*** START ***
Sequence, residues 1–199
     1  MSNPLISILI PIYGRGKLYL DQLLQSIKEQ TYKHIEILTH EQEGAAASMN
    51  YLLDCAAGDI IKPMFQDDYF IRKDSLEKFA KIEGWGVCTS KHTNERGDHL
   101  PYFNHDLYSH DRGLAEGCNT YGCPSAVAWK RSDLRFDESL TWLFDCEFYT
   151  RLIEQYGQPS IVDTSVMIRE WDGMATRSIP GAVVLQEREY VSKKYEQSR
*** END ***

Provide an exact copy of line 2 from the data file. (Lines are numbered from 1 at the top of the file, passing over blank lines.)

     1  MSNPLISILI PIYGRGKLYL DQLLQSIKEQ TYKHIEILTH EQEGAAASMN